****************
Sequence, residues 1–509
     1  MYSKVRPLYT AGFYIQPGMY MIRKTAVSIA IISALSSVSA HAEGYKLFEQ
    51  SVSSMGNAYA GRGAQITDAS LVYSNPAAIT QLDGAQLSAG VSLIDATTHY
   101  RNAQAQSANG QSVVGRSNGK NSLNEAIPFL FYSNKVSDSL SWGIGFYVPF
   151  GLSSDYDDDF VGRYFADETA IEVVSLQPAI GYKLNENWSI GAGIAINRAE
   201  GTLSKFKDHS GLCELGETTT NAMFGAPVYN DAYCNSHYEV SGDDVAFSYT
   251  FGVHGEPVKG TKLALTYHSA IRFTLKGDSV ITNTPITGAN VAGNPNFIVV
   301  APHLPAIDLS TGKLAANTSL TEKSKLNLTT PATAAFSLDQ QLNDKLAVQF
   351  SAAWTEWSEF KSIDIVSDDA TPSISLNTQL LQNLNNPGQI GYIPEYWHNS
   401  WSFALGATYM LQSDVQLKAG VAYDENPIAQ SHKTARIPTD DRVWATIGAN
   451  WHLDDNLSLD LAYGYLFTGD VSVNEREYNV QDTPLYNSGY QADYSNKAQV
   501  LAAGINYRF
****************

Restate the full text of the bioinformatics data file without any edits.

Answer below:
Sequence, residues 1–509
     1  MYSKVRPLYT AGFYIQPGMY MIRKTAVSIA IISALSSVSA HAEGYKLFEQ
    51  SVSSMGNAYA GRGAQITDAS LVYSNPAAIT QLDGAQLSAG VSLIDATTHY
   101  RNAQAQSANG QSVVGRSNGK NSLNEAIPFL FYSNKVSDSL SWGIGFYVPF
   151  GLSSDYDDDF VGRYFADETA IEVVSLQPAI GYKLNENWSI GAGIAINRAE
   201  GTLSKFKDHS GLCELGETTT NAMFGAPVYN DAYCNSHYEV SGDDVAFSYT
   251  FGVHGEPVKG TKLALTYHSA IRFTLKGDSV ITNTPITGAN VAGNPNFIVV
   301  APHLPAIDLS TGKLAANTSL TEKSKLNLTT PATAAFSLDQ QLNDKLAVQF
   351  SAAWTEWSEF KSIDIVSDDA TPSISLNTQL LQNLNNPGQI GYIPEYWHNS
   401  WSFALGATYM LQSDVQLKAG VAYDENPIAQ SHKTARIPTD DRVWATIGAN
   451  WHLDDNLSLD LAYGYLFTGD VSVNEREYNV QDTPLYNSGY QADYSNKAQV
   501  LAAGINYRF